gapore and Israel. “The doors will encourage visitors to notice the similarities between their lifestyle and Israelis’,” she said. The showcase has travelled to countries such as Poland, Italy and India, and has been seen by more than 100,000 visitors. It made its South-east Asian debut in Singapore, thanks to the strong ties between the two countries, said Mr Yuval Rotem, acting director general of the foreign ministry.

Eilat Chamber Music Festival hosts international artists The Eilat Chamber Music Festival, one of the leading international festivals in Israel, took place from 1 to 4 February.

The event was hosted in Israel’s southern-most sea resort destination, Eilat, where attendees had the opportunity to enjoy many concerts, the beautiful water of the Red Sea, spectacular views of the hills that surround the resort, water sports, biking and hiking.

Soloists from all over the world; the festival’s master class professors Amir Katz, Marianna Vasileva, Grigory Kalinovsky and Hillel Zori, and others joined together to present a fascinating chamber music programme. Trumpeter Jens Lindemann returned for a special jazz concert with leading musicians from Israel and abroad, and opera singers from the Vienna Tel Aviv Vocal Connection sang famous arias from popular classical and romantic operas. Ian Bostridge, one of the world’s greatest tenors, joined Geneva Camerata, conducted by David Greilsammer, to present a programme featuring masterpieces from Baroque times to the present day.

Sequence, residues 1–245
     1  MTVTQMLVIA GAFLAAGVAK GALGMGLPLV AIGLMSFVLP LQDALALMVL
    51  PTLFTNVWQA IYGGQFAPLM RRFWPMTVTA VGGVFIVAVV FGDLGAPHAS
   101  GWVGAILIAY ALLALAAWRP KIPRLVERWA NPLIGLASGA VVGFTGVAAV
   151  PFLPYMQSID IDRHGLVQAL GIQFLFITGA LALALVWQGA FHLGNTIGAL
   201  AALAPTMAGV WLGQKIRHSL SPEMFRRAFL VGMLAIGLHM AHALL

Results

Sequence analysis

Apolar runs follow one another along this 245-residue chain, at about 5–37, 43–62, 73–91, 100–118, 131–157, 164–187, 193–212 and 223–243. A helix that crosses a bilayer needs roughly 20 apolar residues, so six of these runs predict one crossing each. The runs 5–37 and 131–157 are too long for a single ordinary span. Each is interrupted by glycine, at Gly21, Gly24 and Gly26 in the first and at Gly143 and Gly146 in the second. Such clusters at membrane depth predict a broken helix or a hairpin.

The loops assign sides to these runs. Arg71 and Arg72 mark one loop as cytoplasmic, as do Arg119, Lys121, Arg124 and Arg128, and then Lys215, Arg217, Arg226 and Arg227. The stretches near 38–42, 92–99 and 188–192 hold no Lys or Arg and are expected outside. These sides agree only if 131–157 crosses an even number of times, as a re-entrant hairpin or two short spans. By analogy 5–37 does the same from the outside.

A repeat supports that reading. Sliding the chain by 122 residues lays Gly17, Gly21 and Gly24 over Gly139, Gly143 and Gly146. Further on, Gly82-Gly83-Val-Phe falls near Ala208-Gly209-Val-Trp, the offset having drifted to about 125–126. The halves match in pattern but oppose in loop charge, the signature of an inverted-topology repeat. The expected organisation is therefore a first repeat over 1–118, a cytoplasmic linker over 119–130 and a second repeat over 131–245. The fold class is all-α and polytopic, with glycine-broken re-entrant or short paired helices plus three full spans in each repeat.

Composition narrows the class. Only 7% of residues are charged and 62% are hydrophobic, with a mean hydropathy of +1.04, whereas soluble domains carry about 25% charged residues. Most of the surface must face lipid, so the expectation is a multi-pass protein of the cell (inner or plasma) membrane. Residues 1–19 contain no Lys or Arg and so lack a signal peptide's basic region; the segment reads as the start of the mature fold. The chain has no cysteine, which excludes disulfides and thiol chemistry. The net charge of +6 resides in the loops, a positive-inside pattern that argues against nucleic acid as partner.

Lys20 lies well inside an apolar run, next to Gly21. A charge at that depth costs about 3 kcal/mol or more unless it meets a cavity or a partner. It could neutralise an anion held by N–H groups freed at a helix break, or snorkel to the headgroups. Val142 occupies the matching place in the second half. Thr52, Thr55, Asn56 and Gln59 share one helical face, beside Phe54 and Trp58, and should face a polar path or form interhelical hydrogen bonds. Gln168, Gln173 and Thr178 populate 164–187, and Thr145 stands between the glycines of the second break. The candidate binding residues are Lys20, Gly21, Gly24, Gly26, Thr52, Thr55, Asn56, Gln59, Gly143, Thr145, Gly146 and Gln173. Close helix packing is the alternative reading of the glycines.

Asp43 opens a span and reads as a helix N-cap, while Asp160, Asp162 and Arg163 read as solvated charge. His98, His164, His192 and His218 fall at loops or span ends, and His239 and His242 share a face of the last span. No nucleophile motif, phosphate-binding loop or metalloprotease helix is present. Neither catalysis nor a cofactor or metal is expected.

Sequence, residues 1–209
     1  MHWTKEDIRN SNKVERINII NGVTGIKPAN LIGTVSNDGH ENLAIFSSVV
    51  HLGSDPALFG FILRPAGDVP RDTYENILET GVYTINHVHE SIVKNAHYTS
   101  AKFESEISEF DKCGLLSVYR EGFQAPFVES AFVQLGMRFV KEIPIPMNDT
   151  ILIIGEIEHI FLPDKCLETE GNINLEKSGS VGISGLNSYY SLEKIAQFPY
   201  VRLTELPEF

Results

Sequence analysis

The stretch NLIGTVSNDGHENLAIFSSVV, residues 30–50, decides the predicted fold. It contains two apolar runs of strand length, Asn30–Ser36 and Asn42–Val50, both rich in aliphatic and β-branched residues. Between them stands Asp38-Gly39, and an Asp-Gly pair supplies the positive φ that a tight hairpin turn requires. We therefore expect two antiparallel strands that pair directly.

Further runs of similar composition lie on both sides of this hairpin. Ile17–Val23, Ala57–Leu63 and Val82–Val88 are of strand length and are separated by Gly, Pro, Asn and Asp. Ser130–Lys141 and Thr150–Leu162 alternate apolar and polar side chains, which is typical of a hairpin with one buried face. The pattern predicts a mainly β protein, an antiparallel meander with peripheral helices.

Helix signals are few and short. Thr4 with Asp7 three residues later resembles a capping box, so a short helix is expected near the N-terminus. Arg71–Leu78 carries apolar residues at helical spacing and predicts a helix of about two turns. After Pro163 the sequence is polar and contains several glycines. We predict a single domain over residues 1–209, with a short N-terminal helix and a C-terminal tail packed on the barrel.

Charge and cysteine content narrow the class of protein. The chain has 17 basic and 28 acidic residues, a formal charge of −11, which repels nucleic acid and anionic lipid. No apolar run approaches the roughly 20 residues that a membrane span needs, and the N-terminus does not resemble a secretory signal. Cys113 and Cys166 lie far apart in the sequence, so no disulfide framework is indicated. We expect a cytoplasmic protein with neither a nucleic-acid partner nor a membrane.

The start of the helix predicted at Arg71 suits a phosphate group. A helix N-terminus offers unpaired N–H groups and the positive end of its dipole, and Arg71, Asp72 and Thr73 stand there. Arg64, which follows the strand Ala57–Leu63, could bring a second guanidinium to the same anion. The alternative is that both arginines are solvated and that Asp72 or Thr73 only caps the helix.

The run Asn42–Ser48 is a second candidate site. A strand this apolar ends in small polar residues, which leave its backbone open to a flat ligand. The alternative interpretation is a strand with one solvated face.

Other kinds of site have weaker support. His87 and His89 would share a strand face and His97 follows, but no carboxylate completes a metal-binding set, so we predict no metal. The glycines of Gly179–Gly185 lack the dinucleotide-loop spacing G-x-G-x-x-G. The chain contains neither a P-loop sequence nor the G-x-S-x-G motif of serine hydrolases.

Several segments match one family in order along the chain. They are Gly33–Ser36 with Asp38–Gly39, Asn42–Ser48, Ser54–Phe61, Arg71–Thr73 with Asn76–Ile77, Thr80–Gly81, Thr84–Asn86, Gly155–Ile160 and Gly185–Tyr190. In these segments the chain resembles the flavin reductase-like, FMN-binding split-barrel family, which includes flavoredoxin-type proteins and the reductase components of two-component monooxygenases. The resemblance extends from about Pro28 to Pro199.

Fifteen-year-old pianist Alexander Malofeev, who won the young Tchaikovsky Competition in his first performance in Israel, performed a complex and varied programme of exqui-

Malaysian comedian judged world’s funniest person Malaysian stand-up comedy king Harith Iskander, 50, was judged the world’s funniest person in a contest held in Helsinki, Finland, in December. Harith, who was announced the champion of The Laugh Factory’s “Funniest Person in the World” 2016 competition, joked his way ahead of four other contenders: Alex Calleja from the Philippines, Katerina Vrana from Greece, Mino Van Nassau from India and David Kilimnick from Israel.

As the winner, Harith bagged US$100,000 and a comedy tour in the US, while runner-up Calleja took home US$10,000. Vrana in third place received US$5,000. In a Facebook post, Harith, who is referred to as the Godfather of Malaysian stand-up comedy, said he was “so excited and thrilled” to win the competition.

“It was a tough journey,” he commented. “In the semifinals we had Murilo Couto

Harith Iskander

(Brazil – with two million fans), Michael Mittermeier (Germany) and Jimeon (Ireland) – comedy giants in Europe, and I’m thrilled to share the stage with them.” He added: “It’s time to put comedy from Malaysia on the world map.” The competition, organised by US-based comedyclub chain The Laugh Factory, consisted of three rounds. In the first round, 89 comedians from 56 countries battled to earn a spot in the top 20. The top 20 contestants proceeded to the second round before the final five vied for the top spot in the third round.

Jacob’s Ladder folk music festival

Jens Lindemann

site pianistic discoveries.

One of the highlights was a concert of jazz, blues and classical improvisations with virtuoso jazz pianist Jacky Terrasson and Geneva Camerata.

The festival also offered master classes focusing on string instruments, piano and trumpet, aimed at serious pre-

Jacky Terrasson